New Jersey Failure to Prepare for Trial Legal Malpractice Lawyer
Inadequate Discovery Lawsuit Attorney throughout all of New Jersey
Types of Legal Malpractice: Failure to Prepare
It has often been said that having a good lawyer is more important than having a good case. But what makes a good lawyer? For the most part, a good lawyer is one who is well-prepared in all he or she does. Whether it is writing a legal document or preparing for trial, he or she listens and understands the client's needs and goals.
Inadequate Discovery and Investigation
When an attorney fails to prepare for trial and do adequate pretrial discovery, the case is usually lost — or at least substantially harmed. “Pretrial discovery” involves hard work. A good investigation involves many things:
- Finding witnesses
- Reading all the relevant documents
- Hiring experts
- Producing expert reports
Pretrial discovery must be completed on time. In September, 2000, the New Jersey Supreme Court gave us new rules which are tough on attorneys who don't get their work done on time. There is little forgiveness, and a lawyer who misses a deadline may have wrecked a case.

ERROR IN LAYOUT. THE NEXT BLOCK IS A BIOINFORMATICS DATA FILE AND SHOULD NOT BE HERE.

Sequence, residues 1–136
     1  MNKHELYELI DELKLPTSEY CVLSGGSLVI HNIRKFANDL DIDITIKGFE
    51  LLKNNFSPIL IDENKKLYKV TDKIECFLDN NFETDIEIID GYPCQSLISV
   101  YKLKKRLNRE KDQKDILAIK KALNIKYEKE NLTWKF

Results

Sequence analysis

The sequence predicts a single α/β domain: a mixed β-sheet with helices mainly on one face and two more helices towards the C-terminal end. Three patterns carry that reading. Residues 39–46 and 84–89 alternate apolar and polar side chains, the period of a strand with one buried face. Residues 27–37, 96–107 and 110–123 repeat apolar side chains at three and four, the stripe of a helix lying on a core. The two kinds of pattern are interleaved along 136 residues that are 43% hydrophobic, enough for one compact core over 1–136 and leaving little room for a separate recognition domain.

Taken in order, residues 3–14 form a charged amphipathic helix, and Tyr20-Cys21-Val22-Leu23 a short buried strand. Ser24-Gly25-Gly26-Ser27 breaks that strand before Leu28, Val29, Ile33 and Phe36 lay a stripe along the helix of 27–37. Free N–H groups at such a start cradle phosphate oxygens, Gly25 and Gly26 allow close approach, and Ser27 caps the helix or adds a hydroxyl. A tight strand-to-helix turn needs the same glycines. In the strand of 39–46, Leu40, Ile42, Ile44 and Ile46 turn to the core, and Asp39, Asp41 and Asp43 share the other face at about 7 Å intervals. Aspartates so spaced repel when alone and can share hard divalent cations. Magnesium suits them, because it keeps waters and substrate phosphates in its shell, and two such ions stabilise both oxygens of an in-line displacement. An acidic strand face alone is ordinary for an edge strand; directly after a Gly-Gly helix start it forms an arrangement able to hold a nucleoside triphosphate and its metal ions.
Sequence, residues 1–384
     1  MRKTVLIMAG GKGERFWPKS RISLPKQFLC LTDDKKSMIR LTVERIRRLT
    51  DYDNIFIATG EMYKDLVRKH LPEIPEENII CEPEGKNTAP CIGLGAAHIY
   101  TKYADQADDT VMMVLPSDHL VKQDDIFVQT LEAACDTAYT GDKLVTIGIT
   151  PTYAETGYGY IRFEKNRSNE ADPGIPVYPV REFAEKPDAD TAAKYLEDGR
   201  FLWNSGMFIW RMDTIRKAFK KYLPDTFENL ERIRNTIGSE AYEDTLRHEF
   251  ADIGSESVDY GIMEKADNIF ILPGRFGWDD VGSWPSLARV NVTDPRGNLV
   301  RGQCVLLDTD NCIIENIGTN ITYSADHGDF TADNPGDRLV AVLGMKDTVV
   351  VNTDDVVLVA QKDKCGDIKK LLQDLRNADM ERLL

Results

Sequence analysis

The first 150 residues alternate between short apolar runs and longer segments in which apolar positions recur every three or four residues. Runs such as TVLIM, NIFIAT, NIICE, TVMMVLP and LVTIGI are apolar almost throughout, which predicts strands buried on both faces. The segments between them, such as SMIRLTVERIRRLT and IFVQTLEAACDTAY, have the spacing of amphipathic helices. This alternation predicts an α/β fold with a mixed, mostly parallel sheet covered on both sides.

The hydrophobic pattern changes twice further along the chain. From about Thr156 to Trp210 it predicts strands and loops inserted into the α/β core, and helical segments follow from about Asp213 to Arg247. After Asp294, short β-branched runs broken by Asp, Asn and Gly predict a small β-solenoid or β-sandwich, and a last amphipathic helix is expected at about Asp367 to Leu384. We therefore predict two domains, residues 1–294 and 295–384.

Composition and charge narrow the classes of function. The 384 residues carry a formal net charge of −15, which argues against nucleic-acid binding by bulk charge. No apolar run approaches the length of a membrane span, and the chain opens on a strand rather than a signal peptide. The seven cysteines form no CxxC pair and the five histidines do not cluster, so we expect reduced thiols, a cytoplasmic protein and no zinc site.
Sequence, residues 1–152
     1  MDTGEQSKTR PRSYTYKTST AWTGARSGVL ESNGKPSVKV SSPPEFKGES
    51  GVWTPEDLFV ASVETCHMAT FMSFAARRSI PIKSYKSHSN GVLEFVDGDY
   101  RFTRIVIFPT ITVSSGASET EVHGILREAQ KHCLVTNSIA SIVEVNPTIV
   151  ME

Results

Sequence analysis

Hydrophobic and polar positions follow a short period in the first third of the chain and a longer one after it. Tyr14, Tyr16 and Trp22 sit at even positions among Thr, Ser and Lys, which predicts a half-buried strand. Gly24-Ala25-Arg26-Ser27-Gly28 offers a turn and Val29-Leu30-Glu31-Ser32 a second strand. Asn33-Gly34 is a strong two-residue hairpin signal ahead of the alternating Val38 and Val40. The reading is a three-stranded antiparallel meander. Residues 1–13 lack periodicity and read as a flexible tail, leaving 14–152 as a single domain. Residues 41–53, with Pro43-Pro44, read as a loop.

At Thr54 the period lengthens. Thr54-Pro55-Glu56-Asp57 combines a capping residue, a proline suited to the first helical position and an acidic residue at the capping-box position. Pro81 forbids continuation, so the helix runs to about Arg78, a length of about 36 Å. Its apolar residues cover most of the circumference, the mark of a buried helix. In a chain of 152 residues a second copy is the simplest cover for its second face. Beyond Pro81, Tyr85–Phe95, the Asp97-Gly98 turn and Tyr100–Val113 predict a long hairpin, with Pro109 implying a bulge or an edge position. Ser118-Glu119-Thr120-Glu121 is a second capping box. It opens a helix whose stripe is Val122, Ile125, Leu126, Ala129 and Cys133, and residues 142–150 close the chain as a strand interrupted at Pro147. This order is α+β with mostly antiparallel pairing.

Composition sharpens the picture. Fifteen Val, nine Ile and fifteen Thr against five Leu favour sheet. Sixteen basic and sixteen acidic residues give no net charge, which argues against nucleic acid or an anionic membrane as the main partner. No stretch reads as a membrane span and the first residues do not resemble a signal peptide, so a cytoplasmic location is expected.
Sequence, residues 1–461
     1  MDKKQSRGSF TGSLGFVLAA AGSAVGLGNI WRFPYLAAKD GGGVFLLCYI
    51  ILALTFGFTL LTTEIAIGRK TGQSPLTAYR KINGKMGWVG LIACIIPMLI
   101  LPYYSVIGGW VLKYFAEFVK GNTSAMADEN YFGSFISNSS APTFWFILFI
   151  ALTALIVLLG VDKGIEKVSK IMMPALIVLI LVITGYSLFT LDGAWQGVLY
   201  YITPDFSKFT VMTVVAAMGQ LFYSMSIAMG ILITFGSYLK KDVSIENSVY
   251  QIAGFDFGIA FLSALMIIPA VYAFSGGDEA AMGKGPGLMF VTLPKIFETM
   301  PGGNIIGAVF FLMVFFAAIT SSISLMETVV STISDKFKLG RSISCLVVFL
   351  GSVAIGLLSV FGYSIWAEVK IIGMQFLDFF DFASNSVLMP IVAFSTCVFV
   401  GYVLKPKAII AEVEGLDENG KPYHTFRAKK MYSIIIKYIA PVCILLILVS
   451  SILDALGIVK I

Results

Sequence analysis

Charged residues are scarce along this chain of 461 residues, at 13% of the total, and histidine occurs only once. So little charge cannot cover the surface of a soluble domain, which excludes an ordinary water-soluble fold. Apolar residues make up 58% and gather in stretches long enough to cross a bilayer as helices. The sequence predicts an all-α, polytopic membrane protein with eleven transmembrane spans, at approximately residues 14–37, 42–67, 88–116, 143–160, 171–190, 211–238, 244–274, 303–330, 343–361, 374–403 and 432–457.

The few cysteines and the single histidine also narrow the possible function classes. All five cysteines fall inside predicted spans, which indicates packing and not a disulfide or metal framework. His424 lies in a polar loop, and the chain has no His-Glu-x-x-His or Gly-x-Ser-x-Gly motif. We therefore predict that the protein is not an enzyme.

Being Unprepared for Trial
Most cases settle without a trial. So, sometimes attorneys get lazy, expecting a case to settle, and completely fail to prepare for trial. Other times, the lawyer has not prepared the case well enough — and this is known — so the settlement offer made is very low. Your attorney may argue that a low offer is a good one, but you may not want to accept the low settlement.
In these circumstances, some lawyers try to force a settlement upon their clients. This complaint — that the lawyer forced a settlement on his client — is one I hear very often. A lawyer's job is to give advice, not to pressure the client into a particular decision that the lawyer thinks is right. And this is especially so if the offer is low because of the lawyer’s work.
Dire consequences await lawyers unprepared for trial. Courts do not look fondly upon unprepared lawyers, and quite often they will insist that trial continue even if the lawyer is not ready or available. Winnable cases can be lost when an absent witness does not testify, or an unprepared witness does not seem credible on the stand. I have recently tried an unprepared attorney lawsuit in which I sued a defense lawyer for his legal negligence and lazy approach to a trial, causing it to be lost.
E-mail me [Link to Contact Us] or call me at (609) 951-0088 if you have suffered due to your attorney's failure to prepare for trial.